Norwood, Charles M.

Charles M. Norwood ran for governor in Arkansas in 1888 as the candidate of the Union Labor Party (ULP). Although he lost, he came closer to victory than any other challenger to the gubernatorial candidate of the Democratic Party in Arkansas between 1874 and 1964. Furthermore, recent historical studies have suggested that Norwood would have won his gubernatorial bid had the election not been marred by fraud and violence. Charles M. Norwood was born on February 29, 1840, in Giles County, Tennessee, to Josiah M. Norwood and Sarah A. Norwood, who moved their family to Arkansas around 1847. Norwood’s father became the treasurer of Lafayette County, and Norwood attended private schools in Columbia County. In 1861, Norwood enlisted in the …

Parks, William Pratt “Buck”

William Pratt “Buck” Parks was a captain of a heavy artillery battery at the Battle of Vicksburg in Mississippi. Following the Civil War, Parks became a prominent leader of agrarian protest in Arkansas. The 1860 Census shows William Pratt Parks living in Little Rock (Pulaski County) at the residence of Joshua and Susan Jones, along with four younger siblings. A newspaper article appearing in the Arkansas Gazette on May 16, 1911, listed Parks as being enrolled at St. Johns’ College when it first opened, in October 1859. Parks served as a private in the Pulaski County Field Artillery Battery (Arkansas state troops). This battery, originally organized in late 1860 as the Totten Light Battery, became the Pulaski County Field Artillery …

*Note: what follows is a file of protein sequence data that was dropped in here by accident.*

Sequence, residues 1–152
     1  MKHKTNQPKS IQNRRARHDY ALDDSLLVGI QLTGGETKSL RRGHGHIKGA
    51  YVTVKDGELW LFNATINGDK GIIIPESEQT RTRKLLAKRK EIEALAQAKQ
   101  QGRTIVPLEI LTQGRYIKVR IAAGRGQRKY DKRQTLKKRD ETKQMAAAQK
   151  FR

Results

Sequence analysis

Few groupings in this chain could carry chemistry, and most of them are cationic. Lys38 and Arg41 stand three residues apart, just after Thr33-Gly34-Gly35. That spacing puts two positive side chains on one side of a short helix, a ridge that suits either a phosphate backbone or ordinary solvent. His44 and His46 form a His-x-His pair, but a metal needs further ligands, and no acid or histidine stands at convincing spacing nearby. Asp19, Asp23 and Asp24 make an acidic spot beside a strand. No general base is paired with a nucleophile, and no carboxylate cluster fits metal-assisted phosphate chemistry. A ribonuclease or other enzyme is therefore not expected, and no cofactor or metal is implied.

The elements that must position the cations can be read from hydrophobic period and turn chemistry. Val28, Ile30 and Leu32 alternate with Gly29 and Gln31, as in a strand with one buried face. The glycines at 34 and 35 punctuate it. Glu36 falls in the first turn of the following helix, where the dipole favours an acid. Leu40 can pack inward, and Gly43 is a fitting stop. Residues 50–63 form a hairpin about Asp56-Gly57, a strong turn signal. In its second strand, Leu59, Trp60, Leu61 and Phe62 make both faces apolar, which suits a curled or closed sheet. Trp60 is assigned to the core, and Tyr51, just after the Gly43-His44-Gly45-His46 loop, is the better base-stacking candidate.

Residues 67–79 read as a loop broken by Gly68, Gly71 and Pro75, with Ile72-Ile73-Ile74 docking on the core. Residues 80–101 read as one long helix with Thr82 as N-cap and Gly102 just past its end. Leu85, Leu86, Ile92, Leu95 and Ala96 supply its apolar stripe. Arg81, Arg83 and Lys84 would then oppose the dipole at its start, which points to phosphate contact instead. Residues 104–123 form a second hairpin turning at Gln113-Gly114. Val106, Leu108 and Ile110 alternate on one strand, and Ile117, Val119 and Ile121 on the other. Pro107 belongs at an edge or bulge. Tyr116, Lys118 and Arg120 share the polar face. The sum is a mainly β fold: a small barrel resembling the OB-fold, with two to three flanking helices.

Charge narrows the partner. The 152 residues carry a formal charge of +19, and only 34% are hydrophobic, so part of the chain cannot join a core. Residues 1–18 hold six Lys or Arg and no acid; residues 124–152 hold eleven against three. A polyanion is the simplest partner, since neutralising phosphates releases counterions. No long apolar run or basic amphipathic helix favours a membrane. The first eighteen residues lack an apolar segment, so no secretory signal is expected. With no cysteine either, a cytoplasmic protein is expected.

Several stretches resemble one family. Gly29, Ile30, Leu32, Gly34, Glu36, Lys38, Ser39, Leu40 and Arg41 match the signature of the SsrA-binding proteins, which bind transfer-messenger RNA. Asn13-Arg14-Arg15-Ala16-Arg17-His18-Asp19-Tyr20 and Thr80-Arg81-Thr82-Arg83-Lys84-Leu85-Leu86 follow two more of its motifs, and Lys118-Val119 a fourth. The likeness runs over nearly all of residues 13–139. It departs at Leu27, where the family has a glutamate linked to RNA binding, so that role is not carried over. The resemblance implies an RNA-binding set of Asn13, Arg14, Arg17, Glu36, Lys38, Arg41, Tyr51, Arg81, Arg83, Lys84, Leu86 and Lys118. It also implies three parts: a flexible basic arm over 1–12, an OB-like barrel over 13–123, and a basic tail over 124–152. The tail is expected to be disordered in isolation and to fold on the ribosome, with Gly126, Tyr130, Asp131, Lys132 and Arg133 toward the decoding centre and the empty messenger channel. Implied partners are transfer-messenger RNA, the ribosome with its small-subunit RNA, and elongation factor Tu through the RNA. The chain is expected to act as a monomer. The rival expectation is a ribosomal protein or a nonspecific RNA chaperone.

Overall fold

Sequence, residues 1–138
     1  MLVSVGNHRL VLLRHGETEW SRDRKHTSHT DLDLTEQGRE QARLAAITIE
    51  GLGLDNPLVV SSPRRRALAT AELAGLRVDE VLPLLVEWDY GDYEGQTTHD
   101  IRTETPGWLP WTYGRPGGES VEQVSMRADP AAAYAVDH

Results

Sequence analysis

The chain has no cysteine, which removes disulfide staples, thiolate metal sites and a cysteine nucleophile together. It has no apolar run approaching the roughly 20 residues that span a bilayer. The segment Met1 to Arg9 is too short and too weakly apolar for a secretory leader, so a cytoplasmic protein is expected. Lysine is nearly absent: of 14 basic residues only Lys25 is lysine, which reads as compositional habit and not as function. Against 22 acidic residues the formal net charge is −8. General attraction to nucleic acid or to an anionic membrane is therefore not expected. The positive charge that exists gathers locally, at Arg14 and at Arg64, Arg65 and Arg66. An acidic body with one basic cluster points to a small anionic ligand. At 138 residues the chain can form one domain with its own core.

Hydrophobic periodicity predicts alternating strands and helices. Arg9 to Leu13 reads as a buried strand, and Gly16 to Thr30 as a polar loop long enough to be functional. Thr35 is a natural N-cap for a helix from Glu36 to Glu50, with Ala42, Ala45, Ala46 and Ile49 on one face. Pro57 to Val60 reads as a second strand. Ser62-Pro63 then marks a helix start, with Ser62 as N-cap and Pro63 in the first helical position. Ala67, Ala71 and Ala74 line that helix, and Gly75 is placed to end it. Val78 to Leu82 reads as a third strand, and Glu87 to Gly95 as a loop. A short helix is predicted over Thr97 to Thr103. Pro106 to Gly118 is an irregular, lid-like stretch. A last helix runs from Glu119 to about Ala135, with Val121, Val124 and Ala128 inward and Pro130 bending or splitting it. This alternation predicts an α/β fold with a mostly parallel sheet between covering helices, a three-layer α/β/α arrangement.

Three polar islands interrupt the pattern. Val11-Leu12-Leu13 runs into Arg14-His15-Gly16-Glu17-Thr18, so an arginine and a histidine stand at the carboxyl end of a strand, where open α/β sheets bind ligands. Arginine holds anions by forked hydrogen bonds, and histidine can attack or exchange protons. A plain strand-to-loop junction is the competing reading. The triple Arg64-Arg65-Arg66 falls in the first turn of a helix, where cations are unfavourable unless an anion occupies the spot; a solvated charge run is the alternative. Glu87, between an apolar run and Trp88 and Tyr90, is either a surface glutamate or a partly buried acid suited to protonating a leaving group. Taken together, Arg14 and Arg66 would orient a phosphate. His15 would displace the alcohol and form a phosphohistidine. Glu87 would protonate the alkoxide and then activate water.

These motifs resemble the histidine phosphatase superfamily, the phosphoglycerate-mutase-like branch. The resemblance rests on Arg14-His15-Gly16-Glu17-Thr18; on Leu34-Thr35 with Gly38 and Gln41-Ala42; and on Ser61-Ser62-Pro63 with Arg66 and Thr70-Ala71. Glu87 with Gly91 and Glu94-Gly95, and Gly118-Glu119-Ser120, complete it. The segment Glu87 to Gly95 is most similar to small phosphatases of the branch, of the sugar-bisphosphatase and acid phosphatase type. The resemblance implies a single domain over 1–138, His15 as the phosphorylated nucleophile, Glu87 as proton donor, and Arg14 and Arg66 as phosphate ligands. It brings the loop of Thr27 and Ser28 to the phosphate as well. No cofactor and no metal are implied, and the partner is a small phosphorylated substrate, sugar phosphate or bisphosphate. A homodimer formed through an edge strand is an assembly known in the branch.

Phelps, John Smith

As the Civil War military governor of Arkansas and a longtime Missouri congressman, John Smith Phelps began his involvement with Arkansas before the Civil War. A stalwart Democrat, he raised a Union regiment and fought at the Battle of Pea Ridge prior to his appointment as military governor. Cotton politics and personal illness doomed his attempt to establish a Union government in 1862 and led to his removal in 1863. John S. Phelps was born on December 22, 1814, in Simsbury, Connecticut, to Elisha Phelps and Lucy Smith Phelps; he was one of five children. His father was a sometime congressman (1819–1821, 1825–1829). After a public school education, young Phelps attended Washington College (subsequently Trinity College) in Hartford, Connecticut, but …